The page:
Report on Kilauea (United States) — 26 February-4 March 2003
Smithsonian / US Geological Survey Weekly Volcanic Activity Report,
26 February-4 March 2003
Managing Editor: Gari Mayberry
Please cite this report as:
Global Volcanism Program, 2003. Report on Kilauea (United States). In: Mayberry, G (ed.), Weekly Volcanic Activity Report, 26 February-4 March 2003. Smithsonian Institution and US Geological Survey.
19.421°N, 155.287°W; summit elev. 1222 m
All times are local (unless otherwise noted)
During 26 February to 3 March at Kilauea, lava continued to enter the sea at the West Highcastle entry and the lava-flow rate was reduced to a small trickle at the Kohala entry. Small surface lava flows occurred along the W edge of the Kohala lava flow and surface lava flows were visible above the Pulama pali fault scarp. Generally, seismicity remained at normal levels, with the long-lasting swarm of long-period earthquakes and tremor at Kilauea's summit, which began last June, continuing at low-to-moderate levels. Moderate tremor was recorded by the nearest seismometer to Pu`u `O`o. Small inflations and deflations occurred at the volcano around 1 March, but no significant deformation was recorded afterwards.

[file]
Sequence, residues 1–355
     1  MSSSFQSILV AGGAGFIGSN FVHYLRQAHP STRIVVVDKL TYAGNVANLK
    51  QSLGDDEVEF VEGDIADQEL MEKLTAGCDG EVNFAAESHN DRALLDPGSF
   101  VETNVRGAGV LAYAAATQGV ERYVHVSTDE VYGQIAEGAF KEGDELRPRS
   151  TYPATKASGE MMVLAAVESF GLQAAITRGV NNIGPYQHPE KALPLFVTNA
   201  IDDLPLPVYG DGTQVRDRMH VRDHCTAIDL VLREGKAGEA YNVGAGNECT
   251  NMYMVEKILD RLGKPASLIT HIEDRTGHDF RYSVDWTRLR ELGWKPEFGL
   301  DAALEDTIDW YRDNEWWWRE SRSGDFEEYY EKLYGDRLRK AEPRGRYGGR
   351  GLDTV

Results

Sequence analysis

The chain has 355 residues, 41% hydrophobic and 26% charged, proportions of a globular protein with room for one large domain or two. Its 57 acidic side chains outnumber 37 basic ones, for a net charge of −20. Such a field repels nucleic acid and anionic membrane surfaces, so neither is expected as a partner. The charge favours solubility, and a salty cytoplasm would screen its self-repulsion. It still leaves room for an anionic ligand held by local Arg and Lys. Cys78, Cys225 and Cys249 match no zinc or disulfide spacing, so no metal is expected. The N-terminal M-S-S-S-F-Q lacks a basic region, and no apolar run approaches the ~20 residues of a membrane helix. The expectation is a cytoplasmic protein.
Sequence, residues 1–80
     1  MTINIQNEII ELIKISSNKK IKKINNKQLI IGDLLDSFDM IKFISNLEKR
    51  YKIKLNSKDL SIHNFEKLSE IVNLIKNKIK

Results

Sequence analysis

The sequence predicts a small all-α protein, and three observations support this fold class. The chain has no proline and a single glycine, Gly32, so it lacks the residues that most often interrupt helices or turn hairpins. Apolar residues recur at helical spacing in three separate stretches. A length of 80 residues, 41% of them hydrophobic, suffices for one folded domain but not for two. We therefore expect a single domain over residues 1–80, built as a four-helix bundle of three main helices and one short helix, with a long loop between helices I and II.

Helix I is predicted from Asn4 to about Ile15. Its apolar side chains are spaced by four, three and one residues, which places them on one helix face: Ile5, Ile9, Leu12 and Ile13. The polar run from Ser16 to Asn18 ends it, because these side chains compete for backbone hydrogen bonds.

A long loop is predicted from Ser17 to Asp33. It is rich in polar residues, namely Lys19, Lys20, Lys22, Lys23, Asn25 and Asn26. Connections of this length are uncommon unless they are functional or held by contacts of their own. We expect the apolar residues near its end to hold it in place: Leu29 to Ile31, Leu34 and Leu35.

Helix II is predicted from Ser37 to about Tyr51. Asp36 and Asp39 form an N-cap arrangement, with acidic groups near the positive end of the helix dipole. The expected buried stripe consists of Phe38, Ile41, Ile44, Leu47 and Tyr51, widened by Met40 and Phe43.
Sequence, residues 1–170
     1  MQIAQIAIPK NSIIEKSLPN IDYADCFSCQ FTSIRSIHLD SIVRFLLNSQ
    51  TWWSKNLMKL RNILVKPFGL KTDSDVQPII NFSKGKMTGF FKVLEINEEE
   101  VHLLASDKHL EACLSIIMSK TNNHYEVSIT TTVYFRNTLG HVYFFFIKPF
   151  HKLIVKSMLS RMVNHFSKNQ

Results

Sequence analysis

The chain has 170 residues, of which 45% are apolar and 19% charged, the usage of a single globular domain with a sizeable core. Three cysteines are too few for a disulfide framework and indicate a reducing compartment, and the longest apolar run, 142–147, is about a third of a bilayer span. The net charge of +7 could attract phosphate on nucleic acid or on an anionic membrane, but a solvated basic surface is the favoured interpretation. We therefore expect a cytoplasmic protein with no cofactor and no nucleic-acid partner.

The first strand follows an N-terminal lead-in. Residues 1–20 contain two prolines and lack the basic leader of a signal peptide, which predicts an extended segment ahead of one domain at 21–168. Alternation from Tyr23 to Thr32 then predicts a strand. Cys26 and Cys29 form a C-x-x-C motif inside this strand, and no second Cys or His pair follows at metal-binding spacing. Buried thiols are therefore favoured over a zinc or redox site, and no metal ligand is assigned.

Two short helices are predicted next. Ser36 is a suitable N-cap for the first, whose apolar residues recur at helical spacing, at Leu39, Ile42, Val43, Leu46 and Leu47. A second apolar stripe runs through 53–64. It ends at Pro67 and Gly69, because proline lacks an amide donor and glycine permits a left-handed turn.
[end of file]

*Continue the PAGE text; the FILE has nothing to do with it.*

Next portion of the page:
Geological Summary. Kilauea overlaps the E flank of the massive Mauna Loa shield volcano in the island of Hawaii. Eruptions are prominent in Polynesian legends; written documentation since 1820 records frequent summit and flank lava flow eruptions interspersed with periods of long-term lava lake activity at Halemaumau crater in the summit caldera until 1924. The 3 x 5 km caldera was formed in several stages about 1,500 years ago and during the 18th century; eruptions have also originated from the lengthy East and Southwest rift zones, which extend to the ocean in both directions. About 90% of the surface of the basaltic shield volcano is formed of lava flows less than about 1,100 years old; 70% of the surface is younger than 600 years. The long-term eruption from the East rift zone between 1983 and 2018 produced lava flows covering more than 100 km2, destroyed hundreds of houses, and added new coastline.
Source: US Geological Survey Hawaiian Volcano Observatory (HVO)